TAXOPHOBIA Green Eggs and Ham

The Green Party, rocked by poor polls, is hoping a focus on issues such as industrial farming and building infrastructure will win back voters, but is steering clear of divisive debates over tax increases.
Parliamentary leaders Anton Hofreiter and Katrin Göring-Eckardt.

It has been more than 15 months since the German Green Party's poor showing in the federal elections, yet it is still struggling to put the past behind it.

Before the 2013 polls, the Greens made a bold call for higher taxes and more social spending. Many in the party now blame that approach for the party’s performance. It received just 8.4 percent of the vote, well below the 10.7 percent it got in 2009 and far less than many in the party had hoped for.

In 2011, after the Fukushima disaster, the firmly anti-nuclear Greens seemed to be tapped into the zeitgeist, at one stage polling as high as 20 percent.

Ironically, however, the decision that year by Chancellor Angela Merkel to ditch nuclear power and instead focus on renewables stole much of the party’s thunder. By 2013, it was failing to attract voters beyond its core supporters and was embarassingly pushed into fourth place, polling less than the far-left Left Party.

Since then it has recovered somewhat. Its current poll ratings are between 11 and 12 percent. At the same time, it is still struggling to find another theme that really connects with voters.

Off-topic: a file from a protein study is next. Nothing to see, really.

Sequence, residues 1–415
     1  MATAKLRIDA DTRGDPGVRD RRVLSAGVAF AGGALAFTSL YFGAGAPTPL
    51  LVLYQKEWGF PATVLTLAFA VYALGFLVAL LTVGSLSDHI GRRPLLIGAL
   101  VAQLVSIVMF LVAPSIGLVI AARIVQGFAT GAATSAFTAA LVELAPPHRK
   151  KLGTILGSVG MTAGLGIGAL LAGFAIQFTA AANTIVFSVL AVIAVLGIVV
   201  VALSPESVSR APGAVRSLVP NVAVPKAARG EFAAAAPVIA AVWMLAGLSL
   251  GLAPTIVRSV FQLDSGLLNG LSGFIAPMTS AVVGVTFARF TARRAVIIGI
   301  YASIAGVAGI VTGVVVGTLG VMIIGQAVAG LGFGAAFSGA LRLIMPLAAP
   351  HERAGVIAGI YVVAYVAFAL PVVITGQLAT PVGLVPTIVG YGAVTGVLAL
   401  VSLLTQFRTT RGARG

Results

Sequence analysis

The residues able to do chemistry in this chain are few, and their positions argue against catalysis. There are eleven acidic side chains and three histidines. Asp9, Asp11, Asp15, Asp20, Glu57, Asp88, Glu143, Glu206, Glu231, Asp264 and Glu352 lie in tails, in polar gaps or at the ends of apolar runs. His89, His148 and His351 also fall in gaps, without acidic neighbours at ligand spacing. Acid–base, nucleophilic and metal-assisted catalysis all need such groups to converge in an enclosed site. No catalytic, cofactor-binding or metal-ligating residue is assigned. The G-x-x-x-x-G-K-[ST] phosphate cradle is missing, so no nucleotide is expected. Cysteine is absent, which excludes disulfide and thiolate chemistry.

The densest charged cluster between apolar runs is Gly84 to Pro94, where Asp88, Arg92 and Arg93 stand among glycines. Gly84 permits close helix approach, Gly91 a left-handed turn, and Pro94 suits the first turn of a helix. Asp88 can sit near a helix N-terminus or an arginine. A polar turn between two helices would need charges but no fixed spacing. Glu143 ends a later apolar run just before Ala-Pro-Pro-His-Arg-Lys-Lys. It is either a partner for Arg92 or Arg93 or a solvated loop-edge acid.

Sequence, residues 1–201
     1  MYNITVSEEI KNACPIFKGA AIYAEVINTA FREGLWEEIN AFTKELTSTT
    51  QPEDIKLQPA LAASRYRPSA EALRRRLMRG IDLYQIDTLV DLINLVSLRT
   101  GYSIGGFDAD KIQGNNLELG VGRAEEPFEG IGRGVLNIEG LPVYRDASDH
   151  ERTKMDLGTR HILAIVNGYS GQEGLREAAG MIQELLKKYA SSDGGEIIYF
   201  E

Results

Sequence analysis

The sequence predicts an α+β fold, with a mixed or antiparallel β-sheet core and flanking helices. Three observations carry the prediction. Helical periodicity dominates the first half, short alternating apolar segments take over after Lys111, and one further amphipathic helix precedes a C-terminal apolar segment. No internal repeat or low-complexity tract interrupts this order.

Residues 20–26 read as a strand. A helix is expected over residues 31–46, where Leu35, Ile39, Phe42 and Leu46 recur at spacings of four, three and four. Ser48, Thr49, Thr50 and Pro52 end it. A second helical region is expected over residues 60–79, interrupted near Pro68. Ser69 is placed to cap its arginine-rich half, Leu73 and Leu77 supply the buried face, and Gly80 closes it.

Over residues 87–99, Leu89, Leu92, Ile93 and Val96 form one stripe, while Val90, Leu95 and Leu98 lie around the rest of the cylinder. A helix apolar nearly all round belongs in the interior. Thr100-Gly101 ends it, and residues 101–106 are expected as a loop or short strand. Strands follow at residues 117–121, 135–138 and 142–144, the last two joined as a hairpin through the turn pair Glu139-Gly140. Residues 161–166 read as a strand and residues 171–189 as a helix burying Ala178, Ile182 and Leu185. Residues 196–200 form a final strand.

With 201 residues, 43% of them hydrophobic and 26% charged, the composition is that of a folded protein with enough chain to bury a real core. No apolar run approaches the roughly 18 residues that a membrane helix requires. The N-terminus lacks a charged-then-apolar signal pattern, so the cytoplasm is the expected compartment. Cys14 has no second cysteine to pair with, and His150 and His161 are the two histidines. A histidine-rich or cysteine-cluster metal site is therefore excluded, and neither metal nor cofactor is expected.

At its annual New Year retreat this week, the Greens' parliamentary group has been taking stock and discussing policy for the coming year.

However, it has held off from addressing issues that divide the party. For a start, it is not expected to issue any new policy statements regarding economic issues or taxation at the meeting, which began on Wednesday and ends today.

The party’s lack of a coherent tax policy is a reflection of the deep divisions in the party.

Instead it is adopting positions on other issues such as industrial livestock farming, an ecological restructuring of the economy and improving the work-life balance.